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  2. What a great post about preventing coccidiosis! i think of it as being sort of like the E. coli in people. Everyone on the planet has E. coli in their gut. It's just when it gets in the wrong places that it causes problems! I've never had an overgrowth of cocci in my chickens and only one batch of rabbits out of hundreds. I never feed medicated feed, either as I'm of the school that figures they should get exposed to it and get over it as soon as possible. I think feeding medicated feed would be just prolonging the exposure and maybe increasing the risk of an overgrowth later if the medicated feed is stopped.

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    1. Good insight, Mary! Thank you for sharing :)
      Leigh

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  3. Great post! I'm learning so much!

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  4. Once again, you've done a great job!! I so appreciate it!!

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  5. I make Apple Cider Vinegar even though I live somewhere that apples can't grow. I'll share what I do, but w/out the wordy explainations: Use frozen apple juice withOUT added calcium. Added vit. C is fine. Mix up according to directions then throw in a few gluggs of Braggs. I start with a gallon (2 frozen cans) and around a half a pint bottle. In a glass jar only. Cover with coffee filter or paper towel held with a rubber band. Leave it there for a month. There. Now you have a gallon of the stuff for around 2 dollars.

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  6. my hens have coccidioidal just got done with corid . some hens still have some loose poop Do I need to keep them on corid longer I had them on it for 5 days 2 tsp. / Gal of water. Please help don't want to lose another hen. Also do I need to start them on probios now? thanks so much katatdawn

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    1. No more Corid. That is why their stools are loose - Corid is very harsh on their systems. Start the probiotics as soon as you can, and supplement their diets with raw liver to help boost their iron and vitamin levels. You can also add liquid baby vitamins (Po-i-Vi-Sol without iron) to their feed or water. Greens like Kale are also really good for them.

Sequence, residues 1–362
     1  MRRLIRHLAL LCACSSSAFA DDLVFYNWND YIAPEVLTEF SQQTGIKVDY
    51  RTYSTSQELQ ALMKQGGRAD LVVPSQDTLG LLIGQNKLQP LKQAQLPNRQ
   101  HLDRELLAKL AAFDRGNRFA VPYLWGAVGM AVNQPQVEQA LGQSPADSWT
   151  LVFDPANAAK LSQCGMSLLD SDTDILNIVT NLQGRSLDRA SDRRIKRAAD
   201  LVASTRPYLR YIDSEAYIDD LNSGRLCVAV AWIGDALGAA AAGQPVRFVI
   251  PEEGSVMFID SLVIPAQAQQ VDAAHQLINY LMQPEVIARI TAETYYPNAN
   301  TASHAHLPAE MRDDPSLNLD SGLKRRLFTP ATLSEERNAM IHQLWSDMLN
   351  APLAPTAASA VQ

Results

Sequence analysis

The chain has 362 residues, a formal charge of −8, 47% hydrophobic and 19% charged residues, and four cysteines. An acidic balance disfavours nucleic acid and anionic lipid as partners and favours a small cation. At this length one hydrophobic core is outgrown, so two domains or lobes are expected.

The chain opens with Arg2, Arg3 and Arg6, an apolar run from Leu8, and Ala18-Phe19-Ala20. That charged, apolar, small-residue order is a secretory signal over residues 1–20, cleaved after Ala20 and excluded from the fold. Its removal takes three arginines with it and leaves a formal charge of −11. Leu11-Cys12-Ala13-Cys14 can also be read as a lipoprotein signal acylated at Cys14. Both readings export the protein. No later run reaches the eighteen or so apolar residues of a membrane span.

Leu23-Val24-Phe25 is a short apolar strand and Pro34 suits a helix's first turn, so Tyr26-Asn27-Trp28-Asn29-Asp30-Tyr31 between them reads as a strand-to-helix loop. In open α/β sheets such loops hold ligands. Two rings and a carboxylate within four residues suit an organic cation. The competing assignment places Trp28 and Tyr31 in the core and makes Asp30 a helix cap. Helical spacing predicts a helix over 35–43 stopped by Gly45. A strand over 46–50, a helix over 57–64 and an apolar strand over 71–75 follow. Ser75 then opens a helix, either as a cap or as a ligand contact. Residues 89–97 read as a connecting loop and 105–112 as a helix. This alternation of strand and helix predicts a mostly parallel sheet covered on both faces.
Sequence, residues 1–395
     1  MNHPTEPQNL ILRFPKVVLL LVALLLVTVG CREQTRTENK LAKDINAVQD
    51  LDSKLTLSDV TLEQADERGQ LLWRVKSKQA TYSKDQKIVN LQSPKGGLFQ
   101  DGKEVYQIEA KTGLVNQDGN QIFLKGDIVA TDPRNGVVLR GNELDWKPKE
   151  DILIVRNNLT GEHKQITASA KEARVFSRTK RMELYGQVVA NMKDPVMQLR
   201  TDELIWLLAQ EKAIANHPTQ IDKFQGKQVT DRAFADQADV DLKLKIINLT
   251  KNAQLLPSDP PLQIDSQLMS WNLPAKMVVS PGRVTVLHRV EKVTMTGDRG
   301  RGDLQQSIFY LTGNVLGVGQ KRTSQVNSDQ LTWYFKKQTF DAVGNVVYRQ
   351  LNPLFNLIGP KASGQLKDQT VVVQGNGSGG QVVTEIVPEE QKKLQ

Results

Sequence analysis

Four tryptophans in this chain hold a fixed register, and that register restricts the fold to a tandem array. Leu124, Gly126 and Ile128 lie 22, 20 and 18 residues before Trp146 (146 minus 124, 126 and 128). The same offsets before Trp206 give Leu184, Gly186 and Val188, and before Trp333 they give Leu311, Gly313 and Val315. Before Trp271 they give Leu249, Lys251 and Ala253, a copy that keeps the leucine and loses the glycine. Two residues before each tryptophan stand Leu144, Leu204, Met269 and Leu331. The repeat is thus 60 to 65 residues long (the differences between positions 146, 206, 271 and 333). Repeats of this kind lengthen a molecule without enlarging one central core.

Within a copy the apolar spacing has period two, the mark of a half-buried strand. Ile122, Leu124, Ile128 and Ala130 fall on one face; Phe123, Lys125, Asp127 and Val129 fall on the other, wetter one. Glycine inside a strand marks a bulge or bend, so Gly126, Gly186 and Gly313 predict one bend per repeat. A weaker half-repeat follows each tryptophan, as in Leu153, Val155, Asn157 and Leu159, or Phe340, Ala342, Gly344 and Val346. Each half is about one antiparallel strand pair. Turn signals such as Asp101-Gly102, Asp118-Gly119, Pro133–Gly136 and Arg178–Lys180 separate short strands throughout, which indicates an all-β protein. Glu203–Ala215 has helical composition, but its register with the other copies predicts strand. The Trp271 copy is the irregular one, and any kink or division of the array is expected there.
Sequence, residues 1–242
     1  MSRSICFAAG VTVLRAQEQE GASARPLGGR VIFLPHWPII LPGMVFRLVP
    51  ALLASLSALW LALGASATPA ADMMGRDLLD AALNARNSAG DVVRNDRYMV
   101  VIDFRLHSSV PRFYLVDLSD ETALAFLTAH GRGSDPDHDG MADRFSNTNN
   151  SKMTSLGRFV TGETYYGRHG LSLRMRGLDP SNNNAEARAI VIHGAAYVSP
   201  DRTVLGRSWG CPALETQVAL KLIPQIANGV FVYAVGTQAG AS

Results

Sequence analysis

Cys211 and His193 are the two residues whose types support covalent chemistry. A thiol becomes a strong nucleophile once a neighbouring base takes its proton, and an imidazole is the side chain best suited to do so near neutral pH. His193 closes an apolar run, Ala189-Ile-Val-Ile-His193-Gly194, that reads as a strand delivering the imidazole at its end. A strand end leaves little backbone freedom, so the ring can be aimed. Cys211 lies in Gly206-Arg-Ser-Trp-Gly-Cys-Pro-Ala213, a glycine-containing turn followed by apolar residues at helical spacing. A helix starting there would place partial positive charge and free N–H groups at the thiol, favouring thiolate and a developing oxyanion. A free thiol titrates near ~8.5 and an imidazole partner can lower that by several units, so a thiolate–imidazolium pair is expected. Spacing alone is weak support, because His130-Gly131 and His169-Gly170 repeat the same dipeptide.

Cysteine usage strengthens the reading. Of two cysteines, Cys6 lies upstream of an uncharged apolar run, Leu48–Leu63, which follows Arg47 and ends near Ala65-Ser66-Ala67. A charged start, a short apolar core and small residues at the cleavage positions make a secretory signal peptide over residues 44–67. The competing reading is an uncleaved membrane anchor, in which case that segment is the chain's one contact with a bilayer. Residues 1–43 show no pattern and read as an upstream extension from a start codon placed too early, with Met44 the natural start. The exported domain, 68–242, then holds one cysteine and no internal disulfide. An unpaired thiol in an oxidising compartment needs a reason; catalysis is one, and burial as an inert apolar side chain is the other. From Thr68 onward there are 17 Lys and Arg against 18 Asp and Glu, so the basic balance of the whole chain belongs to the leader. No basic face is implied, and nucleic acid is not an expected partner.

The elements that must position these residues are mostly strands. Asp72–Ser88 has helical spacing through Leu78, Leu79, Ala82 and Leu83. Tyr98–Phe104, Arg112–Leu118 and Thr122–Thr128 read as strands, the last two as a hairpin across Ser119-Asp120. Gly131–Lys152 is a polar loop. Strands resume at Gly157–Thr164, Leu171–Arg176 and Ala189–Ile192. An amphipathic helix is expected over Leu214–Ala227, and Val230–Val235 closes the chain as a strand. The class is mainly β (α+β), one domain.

Good luck and best wishes - please let us know how they recover.
      Leigh

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    2. ok I have 50 hens how much probios do I add to water and how long do I keep them on the probios? thanks katatdawn

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  7. I had one of my little 12 week old hens come down with cocci. It was awful. She was pooping blood and looked like a crime scene. She was also light as a feather, so to speak. It was over NYE so I didn't think anything would be open. Doing some surfing I found an obscure blog whereby a woman cured three of her chickens with GSE (grapefruit seed extract). I bought some. Mixed 10 drops in 2 cups of water and sort of forced my non eating, non drinking pullet to drink some mixed in gatorade. By that evening she was drinking the water laced with GSE and by the next day eating. Her poo went from pure blood to normal over the course of 4 days and now she's fine and back with her friends. Very scary that cocci, but the GSE saved the day. And it was inexpensive. It also apparently kills candida so will treat sour crop as well.

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    1. Kara - that is great information! I'll have to do more research on the benefits of grapefruit seed extract. Thank you for sharing!

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  8. so if your chickens are pooping blood is it too late for the ACV? should i just go to the corid?

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  9. Yes - if your chickens have dark red bloody stools, you absolutely need to medicate them right away. There are natural remedies, but if they are very sick, your best bet may be to go directly to Corid as Cocci can kill very quickly. If they will drink, electrolytes and probiotics in their water will help.
    Check what you saw against the photos at THIS LINK to be sure you are in fact dealing with Cocci.

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  10. very good to find this helpful info! thank you!

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  11. Question please... is corid toxic to the meat? Will it effect the taste?

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    Replies
    1. I would personally wait at least 3 - 4 weeks to process any birds that have had Corid.